5 Nutrients that May Ease Chronic Pain

November 13, 2016




Meghan Gilmour

Irritation, discomfort, soreness, aching; whatever you call it, chronic pain is an unpleasant experience. According to the Australian Bureau of Statistics, the treatment of chronic pain costs $34.3 billion annually, an average of $11,000 per sufferer!

Chronic pain is defined as any discomfort lasting more than three months and common treatments for pain include medications (such as paracetamol, non-steroidal anti-inflammatory drugs (NSAIDS), and opioid analgesics, which are associated with an increased risk of adverse reactions, dependence, and mortality), corrective surgery, acupuncture, electrical stimulation therapies (such as transcutaneous electrical nerve stimulation, or TENS, therapy), and nerve blocks.

All these treatments are costly and may result in adverse side effects. Additionally, less risky forms of pain therapy (such as psychotherapy, biofeedback, and massage), may reduce pain, but are extremely costly.

While it is crucial to seek the advice of a qualified medical professional when experiencing pain, certain nutrients may also assist in pain management:

1. Omega-3 Fatty Acid

Found in: fatty fish (such as tuna, mackerel, trout, salmon, and sardines), nuts (particularly walnuts), vegetable oils, flaxseed, flaxseed oils, leafy vegetables, and omega-3 supplements. 

Why It Works: Omega-3 fatty acids help reduce inflammation in the body. Inflammation is a natural response to injury or infection that occurs when the body sends white blood cells, fluids, and other healing substances to a damaged area. This causes dilation of the blood vessels and increased blood flow, leading to localized warmth, pain, redness, and swelling. Though inflammation is a crucial component of immunity, chronic inflammation is painful and harmful to the body.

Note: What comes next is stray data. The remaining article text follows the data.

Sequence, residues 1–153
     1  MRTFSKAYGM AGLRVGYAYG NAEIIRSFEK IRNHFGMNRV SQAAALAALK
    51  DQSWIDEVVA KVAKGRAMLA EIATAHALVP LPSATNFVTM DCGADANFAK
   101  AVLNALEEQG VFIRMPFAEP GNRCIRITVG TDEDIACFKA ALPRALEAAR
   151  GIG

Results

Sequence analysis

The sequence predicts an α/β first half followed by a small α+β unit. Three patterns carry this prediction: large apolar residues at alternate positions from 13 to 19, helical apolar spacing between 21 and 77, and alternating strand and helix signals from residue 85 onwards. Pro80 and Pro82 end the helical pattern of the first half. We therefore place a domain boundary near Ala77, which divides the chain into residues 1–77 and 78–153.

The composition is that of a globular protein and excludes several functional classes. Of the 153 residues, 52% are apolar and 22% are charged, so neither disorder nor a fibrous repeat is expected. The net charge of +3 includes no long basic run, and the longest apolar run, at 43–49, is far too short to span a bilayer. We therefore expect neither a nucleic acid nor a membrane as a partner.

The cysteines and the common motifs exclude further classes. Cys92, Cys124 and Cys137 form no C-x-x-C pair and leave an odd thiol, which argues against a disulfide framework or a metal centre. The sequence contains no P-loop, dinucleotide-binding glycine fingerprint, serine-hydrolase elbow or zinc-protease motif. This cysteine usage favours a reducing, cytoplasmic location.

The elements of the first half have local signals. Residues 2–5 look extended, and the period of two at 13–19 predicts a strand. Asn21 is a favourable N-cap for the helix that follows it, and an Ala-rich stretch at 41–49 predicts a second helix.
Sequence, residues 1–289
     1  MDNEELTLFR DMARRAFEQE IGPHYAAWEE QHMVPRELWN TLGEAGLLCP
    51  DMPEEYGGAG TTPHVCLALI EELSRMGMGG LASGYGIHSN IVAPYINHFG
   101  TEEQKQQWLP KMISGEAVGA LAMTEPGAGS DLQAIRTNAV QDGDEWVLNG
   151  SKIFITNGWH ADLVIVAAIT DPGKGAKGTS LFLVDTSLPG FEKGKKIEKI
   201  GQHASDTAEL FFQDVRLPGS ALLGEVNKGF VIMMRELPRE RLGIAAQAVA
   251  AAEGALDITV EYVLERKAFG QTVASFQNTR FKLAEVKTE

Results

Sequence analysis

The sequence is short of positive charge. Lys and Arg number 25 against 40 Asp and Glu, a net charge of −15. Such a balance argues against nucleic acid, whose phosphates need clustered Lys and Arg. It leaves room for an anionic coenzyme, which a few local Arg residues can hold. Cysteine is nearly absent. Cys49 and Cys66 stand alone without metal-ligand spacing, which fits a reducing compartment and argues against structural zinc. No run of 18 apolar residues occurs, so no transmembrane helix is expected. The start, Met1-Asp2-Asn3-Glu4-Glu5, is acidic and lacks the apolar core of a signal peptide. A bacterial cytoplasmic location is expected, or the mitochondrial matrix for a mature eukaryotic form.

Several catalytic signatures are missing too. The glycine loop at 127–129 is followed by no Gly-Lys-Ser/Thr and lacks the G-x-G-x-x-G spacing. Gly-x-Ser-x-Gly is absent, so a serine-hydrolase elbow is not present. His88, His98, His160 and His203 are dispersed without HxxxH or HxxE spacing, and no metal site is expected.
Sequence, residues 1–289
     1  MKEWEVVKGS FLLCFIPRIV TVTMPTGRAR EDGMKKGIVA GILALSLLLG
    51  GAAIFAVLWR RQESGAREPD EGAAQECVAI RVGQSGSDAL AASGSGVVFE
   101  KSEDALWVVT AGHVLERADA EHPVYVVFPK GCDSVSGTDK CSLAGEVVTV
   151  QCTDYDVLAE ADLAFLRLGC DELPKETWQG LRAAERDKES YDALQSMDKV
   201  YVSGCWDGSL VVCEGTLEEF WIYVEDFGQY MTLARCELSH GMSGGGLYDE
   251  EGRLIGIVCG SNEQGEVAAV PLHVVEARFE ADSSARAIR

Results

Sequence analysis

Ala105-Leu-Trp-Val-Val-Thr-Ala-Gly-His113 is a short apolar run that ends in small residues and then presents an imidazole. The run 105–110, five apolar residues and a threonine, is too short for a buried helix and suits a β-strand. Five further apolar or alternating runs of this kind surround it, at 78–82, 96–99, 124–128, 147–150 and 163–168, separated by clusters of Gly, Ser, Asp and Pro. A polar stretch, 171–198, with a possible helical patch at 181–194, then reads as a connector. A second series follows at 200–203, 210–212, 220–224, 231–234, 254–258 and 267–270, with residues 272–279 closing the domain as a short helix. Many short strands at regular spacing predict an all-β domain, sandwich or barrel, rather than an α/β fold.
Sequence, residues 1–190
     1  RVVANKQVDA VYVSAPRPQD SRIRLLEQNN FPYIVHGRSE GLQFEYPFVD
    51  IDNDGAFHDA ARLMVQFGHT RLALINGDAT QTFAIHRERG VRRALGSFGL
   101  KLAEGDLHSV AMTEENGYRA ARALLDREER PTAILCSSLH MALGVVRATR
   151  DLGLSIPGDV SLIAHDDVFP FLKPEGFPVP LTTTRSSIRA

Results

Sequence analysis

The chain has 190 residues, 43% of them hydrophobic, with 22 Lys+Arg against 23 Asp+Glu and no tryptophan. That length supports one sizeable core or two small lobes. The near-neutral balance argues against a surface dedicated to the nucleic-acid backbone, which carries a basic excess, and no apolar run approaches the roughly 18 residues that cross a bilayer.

Numerous studies indicate that omega-3 fatty acid consumption can help reduce inflammation and pain. It is recommended that adult males (over the age of 19) consume 160 milligrams of omega-3 fatty acids daily, while adult females (over the age of 19) require 90 milligrams daily.

2. Anthocyanin

Found in: avocadoes, berries (such as black currants, strawberries, elderberries, and blackberries), eggplant, cherries, black plums, blood oranges, red cabbage, red and purple grapes, red wine, and OTC supplements.

Hint: Look for bright orange, blue, and purple-colored foods, as anthocyanins produce this color in fruits and vegetables.

Why It Works: Anthocyanins are antioxidants that reduce inflammation, resulting less pain, swelling, and soreness in the body. The best way to promote adequate anthocyanin consumption is to consume five bright orange, purple, or blue-colored vegetables each day.

3. Soy

Found in: soybeans, soy sauce, soy meat alternatives, tofu, miso, soymilk, soy supplements, and any product made with soy protein.

Why It Works: Many studies indicate that soy is anti-inflammatory. It negates inflammatory agents in the body, including c-reactive proteins (proteins produced by the liver in response to inflammation). It should be noted that the typical Australian diet is abundant in soy, as this food is used in a host of processed food products.

4. Turmeric

Found in: the spice aisle and turmeric/curcumin supplements. Turmeric is a yellow spice harvested and grounded from the root of the turmeric plant.

Why it Works: Turmeric contains curcumin, a substance that reduces inflammation by blocking inflammatory enzymes and cytokines (small proteins that contribute to the inflammatory response by enabling cellular communication). Recommended dosage for pain relief is typically 400 to 600 milligrams (in pill form) or .5 to 1 gram of powdered root, three times daily.